If you work graveyard shifts and have to drive your own car on the way home during daytime, then you might want to be more cautious as you might literally be an accident waiting to happen.

A new report in the United States revealed that drowsy drivers just coming off their night shifts are at a significantly higher risk of getting into car crashes than other drivers.

Researchers in Boston conducted a study involving 16 employees who work during the night and only had an average of 7.6 hours of shuteye. The team used an electroencephalogram to record the brain activity on participants when they only had brief hours of sleep.

During two test drives that lasted for two hours, six of the drowsy participants had almost gotten into car crashes on a closed driving track, while seven had stopped the test for safety reasons. Within the first 15 minutes of the driving session, researchers noticed that sleep-related impairment was evident.

Meanwhile, when the same participants had a full night's sleep before completing the test, no near-crashes had occurred, researchers said.

Drowsy Driving in Daylight is Dangerous

Dr. Charles Czeisler, the co-author of the study which is featured in the journal Proceedings of the National Academy of Sciences, said that what was unique about the study was that the test drives were performed during daytime.

Despite the clear and bright lighting, the risk for near-car crashes increased, he said.

"It reveals just how dangerous it is to drive home after working all night," said Czeisler, adding that the same participants who almost got into car crashes weren't dangerous drivers if they had just gotten better sleep.

Dr. Michael Lee, the study's lead author, said that even veteran graveyard shift workers were susceptible to the risks associated with drowsy driving.

Lee said their reactions were similar to the behaviors observed in drivers who had high blood alcohol levels and even a short drive for them would be unsafe.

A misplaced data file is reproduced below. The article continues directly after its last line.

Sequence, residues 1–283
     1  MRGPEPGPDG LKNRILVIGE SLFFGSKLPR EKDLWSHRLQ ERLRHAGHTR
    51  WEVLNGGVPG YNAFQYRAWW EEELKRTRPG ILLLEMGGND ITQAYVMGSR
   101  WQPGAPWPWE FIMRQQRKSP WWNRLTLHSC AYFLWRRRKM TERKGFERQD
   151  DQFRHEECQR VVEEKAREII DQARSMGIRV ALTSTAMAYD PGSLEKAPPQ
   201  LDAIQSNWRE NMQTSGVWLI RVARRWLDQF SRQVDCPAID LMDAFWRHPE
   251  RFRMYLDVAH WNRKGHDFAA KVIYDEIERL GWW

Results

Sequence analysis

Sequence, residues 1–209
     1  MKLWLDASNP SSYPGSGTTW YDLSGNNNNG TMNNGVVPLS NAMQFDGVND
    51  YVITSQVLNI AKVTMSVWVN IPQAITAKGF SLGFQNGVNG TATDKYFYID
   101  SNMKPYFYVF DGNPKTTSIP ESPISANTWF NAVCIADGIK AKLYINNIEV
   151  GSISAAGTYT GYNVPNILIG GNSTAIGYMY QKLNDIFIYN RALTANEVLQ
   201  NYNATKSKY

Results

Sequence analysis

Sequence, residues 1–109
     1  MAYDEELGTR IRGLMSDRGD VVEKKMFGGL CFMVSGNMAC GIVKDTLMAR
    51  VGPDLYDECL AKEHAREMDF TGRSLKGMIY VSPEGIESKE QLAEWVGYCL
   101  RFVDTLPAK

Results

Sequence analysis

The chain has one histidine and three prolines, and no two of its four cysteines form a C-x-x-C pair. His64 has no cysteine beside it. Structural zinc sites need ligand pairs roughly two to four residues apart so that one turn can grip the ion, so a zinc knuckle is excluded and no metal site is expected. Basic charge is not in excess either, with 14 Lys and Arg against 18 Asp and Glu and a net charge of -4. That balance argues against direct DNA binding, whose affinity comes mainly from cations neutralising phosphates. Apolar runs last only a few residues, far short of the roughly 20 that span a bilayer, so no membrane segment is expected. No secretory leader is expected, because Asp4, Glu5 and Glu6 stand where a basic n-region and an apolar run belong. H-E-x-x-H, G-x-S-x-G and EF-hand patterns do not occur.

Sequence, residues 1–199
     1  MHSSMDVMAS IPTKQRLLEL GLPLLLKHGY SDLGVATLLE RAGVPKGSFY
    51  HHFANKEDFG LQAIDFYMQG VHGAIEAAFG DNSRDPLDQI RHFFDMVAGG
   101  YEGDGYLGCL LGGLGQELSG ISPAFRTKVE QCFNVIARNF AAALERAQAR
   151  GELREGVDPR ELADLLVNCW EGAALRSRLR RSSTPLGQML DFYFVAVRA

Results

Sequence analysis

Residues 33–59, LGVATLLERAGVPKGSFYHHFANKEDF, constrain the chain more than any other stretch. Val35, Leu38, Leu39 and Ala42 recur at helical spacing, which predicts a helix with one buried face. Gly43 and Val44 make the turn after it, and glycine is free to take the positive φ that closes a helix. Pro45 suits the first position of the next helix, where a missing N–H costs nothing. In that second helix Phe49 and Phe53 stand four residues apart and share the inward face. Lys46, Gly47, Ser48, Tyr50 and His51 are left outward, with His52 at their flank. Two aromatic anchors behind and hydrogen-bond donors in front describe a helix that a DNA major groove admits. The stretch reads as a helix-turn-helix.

"The longer the drive, the greater the risk," he said.

Warning Signs for Drowsy Driving

The Boston researchers looked out for certain signs that would indicate the participants' level of drowsiness, such as partial eyelid closures, frequent blinking and yawning.

According to the Centers for Disease Control and Prevention (CDC), other warning signs include having difficulty remembering the past few miles driven, feeling restless or irritable, daydreaming or having disconnected thoughts, drifting from lanes, missing exits, and hitting rumble strips on the sides of roads.

How to Reduce Accident Risks

Czeisler suggested that night-shift workers should find alternative forms of transportation after their duties instead of driving themselves home. He said that by doing so, they would not only help themselves, but they would also keep from putting other people in danger, too.

Companies with employees that work during graveyard hours should provide transportation for their workers, he said. This way, companies won't be responsible for the kind of dangers that could happen when workers attempt to drive home in their drowsy state.

The CDC meanwhile said adults who drive need more than seven hours of sleep a day, and should stick to an effective sleep schedule. Drivers should also avoid taking medications that make them drowsy.

Meanwhile, the National Sleep Foundation recommended a "buddy system" for people going on long drives so the driver can occasionally pull over and switch roles with a companion.

Why This Research Is Important

"This type of research is really important because we have two pillars of health right now: diet and exercise," said Dr. Nitun Verma of the American Academy of Sleep Medicine. 

"It's reaffirming there's a third pillar of health, which is sleep," said Verma.

Czeisler believes that drowsy driving is a preventable public health hazard.

"These findings help to explain why night shift workers have so many motor vehicle crashes than day workers, particularly during the commute home," said Czeisler.

Photo : Travis Hornung | Flickr

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